Team improves, but crowds drop

The Rattler football team enjoyed one it’s best seasons in years. Looking into the stands, it might be hard to tell.

Crowd attendance has decreased 11 percent at the Florida A&M University Rattlers home games since their 2007 football season, although the team has had a major turnaround on the gridiron.

That percentage is only a small look into a bigger picture. From 2007 to 2008, there has been a 44 percent decrease in crowd attendance at home and away games.

A year later, 122, 992 fans fewer and the Rattlers winning season at (9-3), there is still no single identifiable reason that explains the large decrease in crowd attendance.

Prior to Head Coach Joe Taylor, in 2007 the Rattlers attracted a total of 281,038 fans compared to 157,146 in 2008.

The 2008 team accumulated 160 more points than last year’s scoring, total before the Orlando Classic. The offensive production from the Rattlers has also surpassed the total from last year by more than 300 yards.

Overall team statistics are visual evidence that proves performance is not always a factor in the decision to attend a game.

Compared to last year, the Rattlers have gone from a losing record to a winning season.

The newfound chemistry between players has made a vast impact on the team offensively and defensively.

Accolades and accomplishments have made a lasting impression on the first season of the Taylor era.

Aside from performance, advertising may be the reason behind the decreased crowd turnout statistics. Florida State University was given $250,000, while FAMU received $150,000, from the city of Tallahassee Tourist & Development Council. The money was allocated to go towards advertising and promotion for 2008 FAMU home events.

Sports Information Director Alvin Hollins, said tickets are usually sold as soon as the football season starts.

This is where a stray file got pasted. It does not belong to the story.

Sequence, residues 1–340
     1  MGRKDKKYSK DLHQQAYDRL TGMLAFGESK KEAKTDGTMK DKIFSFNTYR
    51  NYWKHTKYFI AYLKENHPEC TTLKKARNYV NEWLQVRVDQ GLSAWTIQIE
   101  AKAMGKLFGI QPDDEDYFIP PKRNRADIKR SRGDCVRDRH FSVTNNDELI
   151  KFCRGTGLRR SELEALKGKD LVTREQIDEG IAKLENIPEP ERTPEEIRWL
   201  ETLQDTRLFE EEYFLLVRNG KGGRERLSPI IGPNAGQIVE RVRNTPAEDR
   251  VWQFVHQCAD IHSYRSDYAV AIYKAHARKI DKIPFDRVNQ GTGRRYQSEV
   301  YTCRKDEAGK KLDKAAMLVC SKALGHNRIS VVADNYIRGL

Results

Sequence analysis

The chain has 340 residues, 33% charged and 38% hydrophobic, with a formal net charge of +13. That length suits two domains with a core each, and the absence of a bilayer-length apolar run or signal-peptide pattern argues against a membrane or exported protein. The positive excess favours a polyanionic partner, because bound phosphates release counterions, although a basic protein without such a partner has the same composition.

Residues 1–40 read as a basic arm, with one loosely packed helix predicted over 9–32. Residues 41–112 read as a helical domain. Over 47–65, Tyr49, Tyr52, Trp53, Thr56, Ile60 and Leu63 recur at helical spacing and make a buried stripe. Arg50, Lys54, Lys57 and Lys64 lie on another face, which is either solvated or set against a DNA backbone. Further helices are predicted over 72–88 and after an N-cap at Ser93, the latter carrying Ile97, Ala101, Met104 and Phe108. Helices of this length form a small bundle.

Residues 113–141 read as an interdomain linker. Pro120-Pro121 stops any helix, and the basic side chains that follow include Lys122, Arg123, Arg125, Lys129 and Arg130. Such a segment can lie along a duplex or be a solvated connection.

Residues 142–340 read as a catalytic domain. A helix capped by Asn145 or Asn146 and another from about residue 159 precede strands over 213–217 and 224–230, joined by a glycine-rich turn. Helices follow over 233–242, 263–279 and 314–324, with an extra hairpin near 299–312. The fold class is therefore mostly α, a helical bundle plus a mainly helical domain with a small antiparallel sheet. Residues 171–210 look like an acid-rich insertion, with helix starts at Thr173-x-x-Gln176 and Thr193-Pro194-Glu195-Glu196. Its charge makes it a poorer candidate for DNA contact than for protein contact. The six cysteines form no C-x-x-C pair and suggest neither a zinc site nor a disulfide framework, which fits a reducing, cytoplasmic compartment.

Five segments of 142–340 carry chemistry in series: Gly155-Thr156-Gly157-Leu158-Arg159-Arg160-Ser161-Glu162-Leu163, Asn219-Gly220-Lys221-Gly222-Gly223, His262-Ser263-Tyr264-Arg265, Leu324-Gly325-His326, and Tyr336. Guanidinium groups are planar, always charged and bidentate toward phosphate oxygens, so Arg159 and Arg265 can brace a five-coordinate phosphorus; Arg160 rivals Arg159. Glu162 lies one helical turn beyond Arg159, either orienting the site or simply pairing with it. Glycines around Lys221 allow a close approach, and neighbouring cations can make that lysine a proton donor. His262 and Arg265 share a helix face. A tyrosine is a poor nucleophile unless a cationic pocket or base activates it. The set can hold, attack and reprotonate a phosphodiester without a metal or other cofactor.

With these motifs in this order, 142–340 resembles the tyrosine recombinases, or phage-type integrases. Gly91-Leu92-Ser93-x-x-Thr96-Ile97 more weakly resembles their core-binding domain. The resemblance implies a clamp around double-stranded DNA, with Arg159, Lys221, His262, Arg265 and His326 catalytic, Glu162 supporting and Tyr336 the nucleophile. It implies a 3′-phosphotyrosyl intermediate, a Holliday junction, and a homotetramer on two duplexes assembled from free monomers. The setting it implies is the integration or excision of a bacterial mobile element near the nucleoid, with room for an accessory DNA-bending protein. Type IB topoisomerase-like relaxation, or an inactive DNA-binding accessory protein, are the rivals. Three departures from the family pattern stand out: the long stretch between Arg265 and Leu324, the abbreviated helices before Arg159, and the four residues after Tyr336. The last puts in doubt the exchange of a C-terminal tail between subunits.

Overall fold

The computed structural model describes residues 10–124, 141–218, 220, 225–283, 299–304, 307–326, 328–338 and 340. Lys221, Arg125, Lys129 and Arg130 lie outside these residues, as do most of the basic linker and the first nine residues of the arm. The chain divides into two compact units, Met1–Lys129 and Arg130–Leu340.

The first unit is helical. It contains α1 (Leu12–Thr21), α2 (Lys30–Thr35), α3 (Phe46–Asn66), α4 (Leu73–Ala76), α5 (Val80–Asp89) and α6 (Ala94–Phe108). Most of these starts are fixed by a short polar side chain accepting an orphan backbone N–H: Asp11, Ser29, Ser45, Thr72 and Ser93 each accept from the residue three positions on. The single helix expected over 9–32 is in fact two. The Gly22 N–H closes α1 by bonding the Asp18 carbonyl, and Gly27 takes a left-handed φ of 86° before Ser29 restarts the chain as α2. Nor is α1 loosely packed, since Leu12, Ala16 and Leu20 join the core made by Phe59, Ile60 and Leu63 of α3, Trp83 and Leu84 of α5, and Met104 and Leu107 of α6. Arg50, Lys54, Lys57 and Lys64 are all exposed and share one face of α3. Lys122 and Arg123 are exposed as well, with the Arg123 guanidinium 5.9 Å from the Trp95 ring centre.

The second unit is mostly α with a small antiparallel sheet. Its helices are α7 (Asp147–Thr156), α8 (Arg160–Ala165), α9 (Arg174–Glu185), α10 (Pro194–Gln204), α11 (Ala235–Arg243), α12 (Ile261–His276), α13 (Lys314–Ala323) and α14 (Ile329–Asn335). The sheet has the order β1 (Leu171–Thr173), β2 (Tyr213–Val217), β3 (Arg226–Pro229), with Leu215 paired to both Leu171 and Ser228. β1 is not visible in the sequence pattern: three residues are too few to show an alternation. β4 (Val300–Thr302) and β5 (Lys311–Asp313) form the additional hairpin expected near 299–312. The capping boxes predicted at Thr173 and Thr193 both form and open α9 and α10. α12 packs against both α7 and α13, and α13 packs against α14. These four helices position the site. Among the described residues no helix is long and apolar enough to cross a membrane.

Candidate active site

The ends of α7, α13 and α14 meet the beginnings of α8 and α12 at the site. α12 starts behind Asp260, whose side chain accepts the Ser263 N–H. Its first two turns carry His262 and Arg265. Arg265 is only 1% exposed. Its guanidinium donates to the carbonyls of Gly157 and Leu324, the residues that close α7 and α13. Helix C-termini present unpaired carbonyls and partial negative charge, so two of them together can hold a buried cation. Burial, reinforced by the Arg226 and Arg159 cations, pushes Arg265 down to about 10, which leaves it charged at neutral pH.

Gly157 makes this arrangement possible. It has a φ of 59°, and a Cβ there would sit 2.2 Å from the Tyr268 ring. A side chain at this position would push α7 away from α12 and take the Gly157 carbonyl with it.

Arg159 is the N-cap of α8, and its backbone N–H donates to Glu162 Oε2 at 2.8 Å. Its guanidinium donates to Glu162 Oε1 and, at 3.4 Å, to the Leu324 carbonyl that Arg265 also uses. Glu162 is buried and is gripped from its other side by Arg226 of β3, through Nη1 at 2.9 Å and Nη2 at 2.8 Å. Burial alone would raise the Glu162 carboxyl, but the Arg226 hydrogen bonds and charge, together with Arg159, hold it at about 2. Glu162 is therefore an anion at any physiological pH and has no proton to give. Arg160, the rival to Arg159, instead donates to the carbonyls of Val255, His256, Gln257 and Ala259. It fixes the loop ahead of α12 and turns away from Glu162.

“I assume that this season people either didn’t have the money to pay for tickets or just didn’t want to keep investing in Rattler football,” Hollins said.

In 2008, the attendance numbers only increased during games that involved other Mid Eastern Atlantic Conference teams. From 2007 to 2008 at least 5,000 less fans attended each regular season game.

The 20th annual Atlanta Classic versus Tennessee State University only generated 50,428 tickets in 2008 compared to 56, 990 in 2007.

“The gas scare in Atlanta during that weekend could possibly have been a push factor against the people who planned on attending the event,” Hollins said.

The Florida Classic game between FAMU and Bethune-Cookman University is one of the most anticipated match-ups in Historically Black Colleges and Universities’ athletics. In 2007, 65,367 fans attended the annual event in Orlando.

A week before the 2008 Florida Classic, only an estimated 35,000 tickets were sold. The crowd attendance at the Florida Classic has been an average of 65,000 people, dating back to 1997.

Both FAMU and BCU profited $1.2 million from last years Classic. Ticket sales are the determining cause that effects how much of a return both universities will collect.

This year tickets were offered at discount prices to better suit fans during such a trying economic time.

“The Florida Classic consortium knows the economy is tough and they wanted to let the fans know that they feel their pain,” said Joey Walters, the director of the Florida Classic. “The fans have been loyal to this event for years and this was a way to give back and say thanks for all their participation.”

James Harden Jr. of the Florida Citrus Sports said ticket prices changed because of a slow economy.

“People are really being hit hard, and are now starting to feel the burden of the declining economy,” Harden said. “He also realizes that the price of gas and hotels are on the rise.”

Robert Lucas, a FAMU employee in the sports information department, said the economy has played a major role in this year’s ticket sale revenue for the university.

“I remember when gas prices were $4 per gallon,” Lucas said. “Money isn’t accessible as it once was due to the current state of the economy.”